The findings of the current study warrant further investigation. The nutritional manipulation in the present study was the comparison of a low GI breakfast compared to no breakfast. It is possible that consumption of a low GI breakfast did not result in significantly greater glucose availability which may be required to fuel the brain during tasks of high cognitive demand (Smith and Foster, 2008). In order to address the role of glycaemic index further studies employing adolescents need to be conducted including measurements of biomarkers (e.g., blood glucose levels). In addition, unlike the study by Cooper et al. (2011) in which adolescents were provided with breakfast ad libitum, the current study provided a fixed amount of breakfast cereal and this may account for some of the different findings between the two studies; [although this explanation cannot account for the different findings to those of Cooper et al. (2012), where breakfast was not provided on at ad libitum basis].
Unlike prior studies, the current study specifically targeted adolescents from low SES who habitually skipped breakfast. Although this allowed us to focus on a specific group of participants, it also limits the generalizability of the results and as such may potentially account for differences in findings to those of Cooper et al. (2012). However, given the general rather poor health habits of this population (e.g., Benton and Nabb, 2004) it is important for researchers to examine the effects of nutritional interventions in this population.
Further studies are also required to explore the optimal timing of breakfast (see Hoyland et al., 2009). Both the current study and that of Cooper et al. (2012) assessed performance 120 min following breakfast consumption, but found quite different results. However, it should be noted that these studies tested adolescents from different SES groups and some of the cognitive tasks differed. Given the inconsistent results observed in the current literature, an important task for future studies is to carefully investigate which cognitive tasks, and associated high and low load versions of these tasks, are sensitive to nutritional manipulations in different groups. Finally, further studies need to explore why adolescents often skip breakfast in order to develop a successful intervention to tackle this unhealthy behavior.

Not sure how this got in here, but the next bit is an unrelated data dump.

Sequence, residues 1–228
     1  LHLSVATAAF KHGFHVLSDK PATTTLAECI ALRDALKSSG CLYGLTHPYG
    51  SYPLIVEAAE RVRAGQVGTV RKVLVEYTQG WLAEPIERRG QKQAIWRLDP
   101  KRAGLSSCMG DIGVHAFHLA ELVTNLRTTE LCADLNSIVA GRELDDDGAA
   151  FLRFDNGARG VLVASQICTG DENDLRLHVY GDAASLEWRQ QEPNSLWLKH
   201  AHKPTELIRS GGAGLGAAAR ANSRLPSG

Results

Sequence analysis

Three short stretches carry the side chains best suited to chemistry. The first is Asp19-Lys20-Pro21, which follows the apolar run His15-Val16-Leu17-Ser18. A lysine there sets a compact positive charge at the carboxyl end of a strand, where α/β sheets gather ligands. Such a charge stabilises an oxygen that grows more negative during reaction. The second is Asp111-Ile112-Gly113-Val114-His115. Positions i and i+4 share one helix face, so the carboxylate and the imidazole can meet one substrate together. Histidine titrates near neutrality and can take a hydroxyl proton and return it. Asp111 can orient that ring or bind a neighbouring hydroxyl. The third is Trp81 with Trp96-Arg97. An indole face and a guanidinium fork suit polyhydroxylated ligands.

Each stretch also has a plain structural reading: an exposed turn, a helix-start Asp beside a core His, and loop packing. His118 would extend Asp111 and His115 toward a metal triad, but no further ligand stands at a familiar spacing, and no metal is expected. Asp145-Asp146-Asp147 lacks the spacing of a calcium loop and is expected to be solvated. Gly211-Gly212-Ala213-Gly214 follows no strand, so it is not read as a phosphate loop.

Conflict of Interest Statement
This research was funded by Kellogg's. The authors declare that the research was conducted in the absence of any commercial or financial relationships that could be construed as a potential conflict of interest.
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Keywords: adolescent, cognitive performance, breakfast, mood, cognitive load
Citation: Defeyter MA and Russo R (2013) The effect of breakfast cereal consumption on adolescents' cognitive performance and mood. Front. Hum. Neurosci. 7:789. doi: 10.3389/fnhum.2013.00789
Received: 17 April 2013; Accepted: 30 October 2013;
Published online: 20 November 2013.
Edited by:Andrew Scholey, Swinburne University, Australia
Copyright © 2013 Defeyter and Russo. This is an open-access article distributed under the terms of the Creative Commons Attribution License (CC BY). The use, distribution or reproduction in other forums is permitted, provided the original author(s) or licensor are credited and that the original publication in this journal is cited, in accordance with accepted academic practice. No use, distribution or reproduction is permitted which does not comply with these terms.
*Correspondence: Margaret A. Defeyter, Department of Psychology, Northumbria University, Northumberland Building, NE1 8ST Newcastle upon Tyne, UK e-mail: email@example.com